The cannabidiol oil used in the study—which will be marketed as Epidiolex if it’s approved by the FDA—won’t make people high, because it doesn’t contain THC. Experts say that results may be riskier and more unpredictable with other marijuana products.
It may be a safer alternative to opioids
Despite Homeland Security Secretary John Kelly’s claim that marijuana is “a potentially dangerous gateway drug,” research suggests that the use of medical marijuana may actually reduce dependence on dangerous prescription painkillers like those fueling the nation’s opioid epidemic.
In a 2016 study in the journal Health Affairs, researchers found that there were 1,826 fewer daily doses of painkillers prescribed per year, on average, in states where medical marijuana was legal compared to states it’s not. And in a review article published this year in Trends in Neuroscience, researchers wrote that cannabinoids may help people recover from opioid addiction. Human trials have been limited because of marijuana’s classification as a Schedule 1 drug—but the authors argue that more studies are urgently needed.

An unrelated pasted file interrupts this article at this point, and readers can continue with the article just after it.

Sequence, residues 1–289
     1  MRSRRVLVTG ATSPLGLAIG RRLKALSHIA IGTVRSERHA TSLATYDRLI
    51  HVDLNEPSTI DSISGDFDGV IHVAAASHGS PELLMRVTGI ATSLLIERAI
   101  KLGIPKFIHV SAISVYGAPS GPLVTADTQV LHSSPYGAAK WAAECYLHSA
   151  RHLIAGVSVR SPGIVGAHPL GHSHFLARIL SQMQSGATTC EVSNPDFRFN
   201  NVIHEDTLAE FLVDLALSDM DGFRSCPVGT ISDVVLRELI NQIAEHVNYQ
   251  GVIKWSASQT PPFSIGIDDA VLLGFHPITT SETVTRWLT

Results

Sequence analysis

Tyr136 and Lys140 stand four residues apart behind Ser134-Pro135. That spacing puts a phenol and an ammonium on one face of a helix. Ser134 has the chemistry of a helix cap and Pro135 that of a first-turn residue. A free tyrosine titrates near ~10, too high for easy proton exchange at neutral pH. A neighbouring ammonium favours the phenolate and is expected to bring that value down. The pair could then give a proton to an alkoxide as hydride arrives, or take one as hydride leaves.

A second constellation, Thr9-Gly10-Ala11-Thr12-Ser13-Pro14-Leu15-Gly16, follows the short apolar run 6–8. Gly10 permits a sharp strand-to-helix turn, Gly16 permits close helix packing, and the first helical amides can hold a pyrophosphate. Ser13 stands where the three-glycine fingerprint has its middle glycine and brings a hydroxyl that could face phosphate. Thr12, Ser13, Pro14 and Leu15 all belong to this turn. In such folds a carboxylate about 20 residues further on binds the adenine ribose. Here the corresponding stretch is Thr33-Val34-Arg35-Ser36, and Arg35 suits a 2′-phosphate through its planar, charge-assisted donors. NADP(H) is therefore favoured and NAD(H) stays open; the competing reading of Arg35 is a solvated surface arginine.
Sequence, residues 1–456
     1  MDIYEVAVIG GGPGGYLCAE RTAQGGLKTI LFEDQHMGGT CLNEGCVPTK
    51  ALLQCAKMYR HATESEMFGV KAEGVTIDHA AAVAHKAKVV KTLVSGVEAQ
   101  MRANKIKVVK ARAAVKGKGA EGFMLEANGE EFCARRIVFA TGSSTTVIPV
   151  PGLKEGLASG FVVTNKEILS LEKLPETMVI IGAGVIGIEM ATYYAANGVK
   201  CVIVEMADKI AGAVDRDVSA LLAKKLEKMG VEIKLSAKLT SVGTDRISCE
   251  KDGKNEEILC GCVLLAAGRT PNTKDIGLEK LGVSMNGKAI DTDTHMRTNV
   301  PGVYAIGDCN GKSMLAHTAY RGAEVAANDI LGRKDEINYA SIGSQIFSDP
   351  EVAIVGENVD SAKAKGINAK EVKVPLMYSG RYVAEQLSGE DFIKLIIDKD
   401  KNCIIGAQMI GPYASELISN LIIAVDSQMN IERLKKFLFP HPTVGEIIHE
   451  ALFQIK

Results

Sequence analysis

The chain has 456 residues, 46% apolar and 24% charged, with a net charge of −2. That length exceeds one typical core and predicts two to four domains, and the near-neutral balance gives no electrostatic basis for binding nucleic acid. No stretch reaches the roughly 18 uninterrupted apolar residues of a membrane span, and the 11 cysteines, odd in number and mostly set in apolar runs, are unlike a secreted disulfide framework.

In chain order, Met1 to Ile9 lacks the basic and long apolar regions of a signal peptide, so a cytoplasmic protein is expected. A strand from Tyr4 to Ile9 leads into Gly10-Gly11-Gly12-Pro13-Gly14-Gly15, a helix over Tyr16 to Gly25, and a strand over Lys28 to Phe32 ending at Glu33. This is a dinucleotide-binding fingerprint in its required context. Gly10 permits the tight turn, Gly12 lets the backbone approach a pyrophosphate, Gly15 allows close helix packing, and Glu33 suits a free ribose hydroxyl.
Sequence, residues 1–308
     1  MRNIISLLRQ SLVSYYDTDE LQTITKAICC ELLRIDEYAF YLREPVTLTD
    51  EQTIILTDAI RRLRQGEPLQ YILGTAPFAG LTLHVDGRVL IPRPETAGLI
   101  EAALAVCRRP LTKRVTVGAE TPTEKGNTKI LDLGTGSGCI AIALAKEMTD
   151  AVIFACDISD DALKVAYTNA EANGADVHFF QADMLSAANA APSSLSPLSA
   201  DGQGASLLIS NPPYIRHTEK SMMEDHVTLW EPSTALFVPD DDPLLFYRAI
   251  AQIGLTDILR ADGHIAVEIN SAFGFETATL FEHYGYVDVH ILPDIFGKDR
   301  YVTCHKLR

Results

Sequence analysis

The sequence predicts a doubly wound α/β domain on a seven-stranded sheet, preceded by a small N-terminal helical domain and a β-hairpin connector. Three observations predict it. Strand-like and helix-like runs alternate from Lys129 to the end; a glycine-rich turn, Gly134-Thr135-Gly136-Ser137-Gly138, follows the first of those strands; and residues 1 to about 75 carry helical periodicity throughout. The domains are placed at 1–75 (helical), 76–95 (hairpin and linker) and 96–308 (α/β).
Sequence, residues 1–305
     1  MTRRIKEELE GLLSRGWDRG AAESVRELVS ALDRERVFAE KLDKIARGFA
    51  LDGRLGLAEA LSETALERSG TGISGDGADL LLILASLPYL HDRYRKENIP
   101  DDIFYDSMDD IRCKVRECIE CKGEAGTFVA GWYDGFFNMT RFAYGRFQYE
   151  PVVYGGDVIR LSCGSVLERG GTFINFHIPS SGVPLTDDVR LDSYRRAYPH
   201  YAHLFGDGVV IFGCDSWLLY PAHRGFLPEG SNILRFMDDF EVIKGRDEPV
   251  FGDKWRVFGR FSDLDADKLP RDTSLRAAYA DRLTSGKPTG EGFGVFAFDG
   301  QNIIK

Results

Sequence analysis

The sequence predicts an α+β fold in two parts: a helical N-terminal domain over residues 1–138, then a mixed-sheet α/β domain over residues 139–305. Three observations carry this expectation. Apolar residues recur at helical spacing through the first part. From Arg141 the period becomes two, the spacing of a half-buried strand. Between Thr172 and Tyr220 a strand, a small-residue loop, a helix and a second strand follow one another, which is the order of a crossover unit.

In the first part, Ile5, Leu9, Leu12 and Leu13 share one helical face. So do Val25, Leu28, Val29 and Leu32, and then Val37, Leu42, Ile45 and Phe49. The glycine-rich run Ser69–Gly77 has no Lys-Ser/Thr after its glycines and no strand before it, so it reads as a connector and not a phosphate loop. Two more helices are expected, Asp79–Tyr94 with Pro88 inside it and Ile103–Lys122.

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It may have anti-cancer effects, but research is limited
Olivia Newton John uses cannabiodiol oil (along with conventional medicine) to fight her metastatic breast cancer, the actress’s daughter recently revealed. Studies have shown that the oil may inhibit the growth of cancer cells outside of the human body, but there haven’t been any real-life trials to back up these findings.